With the Freer closing its doors on January 4, 2016, only two months remain to see the iconic Peacock Room in person. While you’re here, be sure to visit the Sackler installation Peacock Room REMIX: Darren Waterston’s Filthy Lucre for a contemporary take on the room and its many layers of paint, gilding, and intrigue.

If you’re not expecting a Cardboard viewer from the Times, you can easily find one to purchase online or even make your own. In the meantime, explore the museum on Google Art Project.

Friday Fave: Trees

Trees; Sōtatsu school, I’nen Seal; Japan, mid-17th century; pair of six-panel folding screens; ink, colors, and gold on paper; Freer Gallery of Art, F1962.30–31

Trees; Sōtatsu school, I’nen Seal; Japan, mid-17th century; pair of six-panel folding screens; ink, colors, and gold on paper; Freer Gallery of Art, F1962.30–31

I’m not sure if it was the bold color or dramatic composition that first caught my eye. Vivid green pigment brilliantly contrasted against gold foil. An incredible variety of trees, each captured in considerable detail. Striking black ink trunks, festooned with large glossy leaves or spiky delicate ones. Viewed head-on and tightly packed into a constricted space, each tree is arranged precisely across six adjoining panels. It’s as if they are on display in my favorite garden catalog.

These initial impressions have stayed with me for decades. Literally. Although smartphones make it much easier today to take pictures of art, there’s still something really tangible about owning a high-quality reproduction. My now faded postcard is a bit worse for wear and tear—pockmarked with pinholes from its prominent display on every office bulletin board I’ve ever decorated—yet its power still holds. At 7 x 15 inches, it’s big enough to have a presence, and its thick card stock is sturdy enough to withstand the test of time. It shows one of a pair of six-panel folding screens that were last displayed at the Freer almost fifteen years ago.

The screens can now be seen in their rightful place of honor in the exhibition Sōtatsu: Making Waves, on view through January 31, 2016. When I first saw them again, they struck me as breathtaking both in their scale and luminosity. The greens and golds just glow. They are much larger than I remembered and much more detailed. Although painted hundreds of years ago, they seem very contemporary and speak to the astonishing power of Japanese art and design. I’ve had the postcard over my desk for years, but seeing the screens in person is a powerful experience that reminds me of the old Marvin Gaye song “Ain’t Nothing Like the Real Thing.”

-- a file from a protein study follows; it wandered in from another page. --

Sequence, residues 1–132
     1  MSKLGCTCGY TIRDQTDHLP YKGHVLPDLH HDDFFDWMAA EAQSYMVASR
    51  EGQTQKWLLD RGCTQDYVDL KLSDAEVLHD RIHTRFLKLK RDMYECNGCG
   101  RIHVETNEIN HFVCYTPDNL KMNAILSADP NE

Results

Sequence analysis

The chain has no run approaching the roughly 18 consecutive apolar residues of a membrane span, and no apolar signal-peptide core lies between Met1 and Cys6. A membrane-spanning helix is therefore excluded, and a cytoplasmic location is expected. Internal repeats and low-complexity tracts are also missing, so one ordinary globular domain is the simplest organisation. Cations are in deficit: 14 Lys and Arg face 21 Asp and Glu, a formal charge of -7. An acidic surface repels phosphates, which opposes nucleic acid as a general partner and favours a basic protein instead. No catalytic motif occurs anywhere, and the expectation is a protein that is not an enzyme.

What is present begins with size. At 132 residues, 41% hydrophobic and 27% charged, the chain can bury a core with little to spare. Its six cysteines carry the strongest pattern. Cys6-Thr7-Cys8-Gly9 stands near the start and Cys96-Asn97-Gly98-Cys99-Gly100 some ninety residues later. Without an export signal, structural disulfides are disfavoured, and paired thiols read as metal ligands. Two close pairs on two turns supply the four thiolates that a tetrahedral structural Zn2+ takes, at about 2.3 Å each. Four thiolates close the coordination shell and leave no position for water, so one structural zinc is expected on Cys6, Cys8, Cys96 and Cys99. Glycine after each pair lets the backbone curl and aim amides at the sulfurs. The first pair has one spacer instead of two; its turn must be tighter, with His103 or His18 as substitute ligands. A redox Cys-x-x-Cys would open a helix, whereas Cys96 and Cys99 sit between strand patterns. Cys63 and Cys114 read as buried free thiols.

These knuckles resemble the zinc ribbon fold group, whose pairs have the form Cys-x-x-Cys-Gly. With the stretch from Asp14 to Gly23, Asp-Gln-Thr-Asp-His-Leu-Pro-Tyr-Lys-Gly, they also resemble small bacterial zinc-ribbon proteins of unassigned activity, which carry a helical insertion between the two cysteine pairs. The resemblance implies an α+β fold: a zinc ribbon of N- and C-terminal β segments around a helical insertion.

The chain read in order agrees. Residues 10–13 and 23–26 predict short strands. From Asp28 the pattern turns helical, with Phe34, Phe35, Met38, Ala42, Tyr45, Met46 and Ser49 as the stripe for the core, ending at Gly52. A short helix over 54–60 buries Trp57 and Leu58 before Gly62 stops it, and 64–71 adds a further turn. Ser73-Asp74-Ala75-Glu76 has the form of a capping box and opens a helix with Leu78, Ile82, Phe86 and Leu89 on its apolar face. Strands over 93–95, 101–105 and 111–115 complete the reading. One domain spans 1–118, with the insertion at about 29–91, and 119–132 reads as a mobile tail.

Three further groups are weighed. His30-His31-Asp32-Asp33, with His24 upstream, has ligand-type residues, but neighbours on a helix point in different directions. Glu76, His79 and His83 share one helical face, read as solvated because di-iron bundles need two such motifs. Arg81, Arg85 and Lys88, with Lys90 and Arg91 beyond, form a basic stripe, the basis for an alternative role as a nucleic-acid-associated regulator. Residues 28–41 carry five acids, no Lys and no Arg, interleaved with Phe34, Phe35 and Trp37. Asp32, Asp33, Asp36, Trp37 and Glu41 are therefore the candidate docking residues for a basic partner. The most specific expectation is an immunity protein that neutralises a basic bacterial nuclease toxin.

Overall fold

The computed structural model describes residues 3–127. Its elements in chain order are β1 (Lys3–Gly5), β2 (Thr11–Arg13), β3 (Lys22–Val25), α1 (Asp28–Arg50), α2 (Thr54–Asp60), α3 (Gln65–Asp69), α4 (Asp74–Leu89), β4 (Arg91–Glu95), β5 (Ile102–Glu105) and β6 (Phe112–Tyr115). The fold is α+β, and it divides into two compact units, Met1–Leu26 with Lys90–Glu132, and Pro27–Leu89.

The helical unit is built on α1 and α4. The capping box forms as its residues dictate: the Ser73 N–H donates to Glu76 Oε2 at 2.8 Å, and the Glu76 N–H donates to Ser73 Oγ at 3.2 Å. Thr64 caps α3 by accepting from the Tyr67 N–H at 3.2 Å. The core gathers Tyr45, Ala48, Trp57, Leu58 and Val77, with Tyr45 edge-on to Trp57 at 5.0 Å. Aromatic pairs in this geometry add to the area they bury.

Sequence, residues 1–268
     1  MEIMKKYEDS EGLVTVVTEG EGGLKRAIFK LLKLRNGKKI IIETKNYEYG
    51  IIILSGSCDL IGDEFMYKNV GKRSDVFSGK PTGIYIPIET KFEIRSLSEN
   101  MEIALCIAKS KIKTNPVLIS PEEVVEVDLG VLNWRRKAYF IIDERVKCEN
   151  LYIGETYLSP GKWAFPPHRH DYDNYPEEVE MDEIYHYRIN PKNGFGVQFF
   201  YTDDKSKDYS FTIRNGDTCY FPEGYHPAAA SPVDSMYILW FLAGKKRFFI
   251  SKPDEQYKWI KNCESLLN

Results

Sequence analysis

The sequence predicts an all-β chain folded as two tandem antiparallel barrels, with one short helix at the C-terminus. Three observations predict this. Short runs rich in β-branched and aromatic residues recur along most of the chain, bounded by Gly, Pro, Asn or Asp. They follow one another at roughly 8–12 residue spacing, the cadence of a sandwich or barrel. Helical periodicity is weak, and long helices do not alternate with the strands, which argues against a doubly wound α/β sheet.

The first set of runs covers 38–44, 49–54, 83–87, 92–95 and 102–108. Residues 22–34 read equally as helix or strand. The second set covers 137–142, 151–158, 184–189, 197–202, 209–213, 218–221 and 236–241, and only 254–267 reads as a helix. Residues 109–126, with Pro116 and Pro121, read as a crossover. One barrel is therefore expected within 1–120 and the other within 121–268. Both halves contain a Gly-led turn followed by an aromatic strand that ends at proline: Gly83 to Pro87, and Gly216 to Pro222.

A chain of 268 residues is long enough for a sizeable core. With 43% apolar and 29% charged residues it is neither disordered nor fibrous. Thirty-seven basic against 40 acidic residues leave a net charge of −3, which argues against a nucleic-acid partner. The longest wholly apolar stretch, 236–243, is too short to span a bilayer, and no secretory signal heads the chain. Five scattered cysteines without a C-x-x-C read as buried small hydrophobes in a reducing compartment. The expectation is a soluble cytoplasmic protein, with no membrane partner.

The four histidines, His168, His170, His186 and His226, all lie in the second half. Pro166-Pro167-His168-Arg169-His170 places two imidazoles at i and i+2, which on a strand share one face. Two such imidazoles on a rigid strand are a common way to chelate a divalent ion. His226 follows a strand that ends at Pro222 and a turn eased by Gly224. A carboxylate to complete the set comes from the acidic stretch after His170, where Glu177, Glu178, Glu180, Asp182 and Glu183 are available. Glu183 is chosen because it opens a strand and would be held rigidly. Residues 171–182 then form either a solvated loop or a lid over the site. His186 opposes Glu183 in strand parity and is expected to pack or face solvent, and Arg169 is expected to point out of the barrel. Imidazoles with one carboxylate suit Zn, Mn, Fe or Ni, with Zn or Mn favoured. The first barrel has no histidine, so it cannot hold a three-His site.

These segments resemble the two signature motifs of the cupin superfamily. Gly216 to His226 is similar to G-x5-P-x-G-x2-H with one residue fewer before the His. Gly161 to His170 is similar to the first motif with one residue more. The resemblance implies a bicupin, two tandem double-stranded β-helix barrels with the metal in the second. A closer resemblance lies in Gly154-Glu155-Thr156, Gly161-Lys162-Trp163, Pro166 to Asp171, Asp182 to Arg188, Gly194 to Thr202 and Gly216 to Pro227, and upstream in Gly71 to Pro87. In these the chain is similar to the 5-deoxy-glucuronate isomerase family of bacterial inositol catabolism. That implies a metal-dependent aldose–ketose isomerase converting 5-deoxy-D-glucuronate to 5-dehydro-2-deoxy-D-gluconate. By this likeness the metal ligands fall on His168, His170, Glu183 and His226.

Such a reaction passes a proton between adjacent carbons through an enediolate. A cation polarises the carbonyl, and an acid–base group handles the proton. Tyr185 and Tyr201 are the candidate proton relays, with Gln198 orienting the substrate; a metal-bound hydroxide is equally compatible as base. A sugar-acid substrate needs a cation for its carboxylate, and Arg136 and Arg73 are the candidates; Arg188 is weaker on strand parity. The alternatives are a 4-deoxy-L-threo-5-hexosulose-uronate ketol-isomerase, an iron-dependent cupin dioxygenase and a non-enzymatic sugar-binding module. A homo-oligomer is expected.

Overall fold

Halloween Help from Freer|Sackler

Mask; Japan, Momoyama or Edo period, 17th–18th century; wood, pigment, lacquer; Collected by Seymour J. Janow and gifted in his memory by his family, F2003.5.16

Mask; Japan, Momoyama or Edo period, 17th–18th century; wood, pigment, lacquer; Collected by Seymour J. Janow and gifted in his memory by his family, F2003.5.16

Not sure what to wear for Halloween this year? You’re on your own when it comes to finding the right costume, but if you’re looking for a mask, we’ve got your back—or at least your front—covered.

This demon mask, given to the museums a dozen years ago, is the perfect scary accessory. It was made in Japan sometime between the seventeenth and eighteenth centuries. Masks have a long and extensive history in Japan that dates back to the prehistoric Jomon period; they often have been used in dance, court rituals, and religious ceremonies. This mask portrays a long-nosed demon (known as tengu in Japanese lore) and was used in Shinto shrine performances.

For Halloween success, follow these simple instructions. First, print the mask as large as you can. Next, carefully cut it out. Make a small hole on either side (near the cheeks would work well) and run a string or elastic through them. Put it on and voila: You and the demon mask are now one! Scare your friends and loved ones, and the candy seekers at your door.

More scary masks can be found when you search the Freer|Sackler collections on Open F|S, as well as on Bento and our Facebook page.

JACK Quartet and Lightbulb: Indonesian Music with a Twist

The Lightbulb Ensemble performing in San Francisco. See them with JACK Quartet tonight.

The Lightbulb Ensemble performing in San Francisco. See them with JACK Quartet tonight.

Tonight, two American ensembles—JACK Quartet and Lightbulb —join forces, fusing classical and Indonesian music into a one-of-a-kind performance. But what do Indonesian gamelan and Western classical music have in common? A lot of history, it turns out. Both Claude Debussy and Maurice Ravel were enchanted by the Javanese gamelan they heard at the Exposition Universelle held in Paris in 1889. That cross-cultural exposure helped inspire the innovations of French Impressionist music. Performances by a Balinese gamelan at Paris’s 1931 Exposition Coloniale provided French composer Olivier Messiaen with musical ideas for some of his most novel experiments. In the mid-1930s, American composer Colin McPhee lived in Bali, where he wrote an important treatise on gamelan music and then incorporated its forms and sounds into his orchestral works. And starting in the early 1970s, gamelan music influenced American composer Steve Reich in developing what became known as minimalist music.

More recent generations of composers have spent years studying in Indonesia and leading gamelan orchestras in the United States, such as the long-standing Gamelan Sekar Jaya from the San Francisco Bay Area. (I had the opportunity to hear them perform in 1981.) Two leaders of that venerable orchestra, Wayne Vitale and Brian Baumbusch, teamed up with the highly regarded JACK Quartet and Balinese choreographers I Made Bandem and Suasthi Bandem to create the massive work Makaradhwaja, which premiered at the Bali Arts Festival in 2012. A year later, Vitale and Baumbusch created the experimental Lightbulb Ensemble, pursuing new music inspired by Balinese models and utilizing custom-built metal xylophones that resemble the gamelan but have original tunings.

At this evening’s concert, you can hear Lightbulb and JACK perform their latest collaboration, Baumbusch’s Hydrogen(2)Oxygen. Each ensemble also performs alone, with JACK presenting John Cage’s Quartet in Four Parts and Lightbulb playing Vitale and Baumbusch’s Mikrokosma. Don’t miss this chance to hear the latest stage in the fruitful co-evolution of Indonesian and Western music. Tickets will be distributed at the Meyer Auditorium beginning at 6:30 pm on a first-come, first-served basis.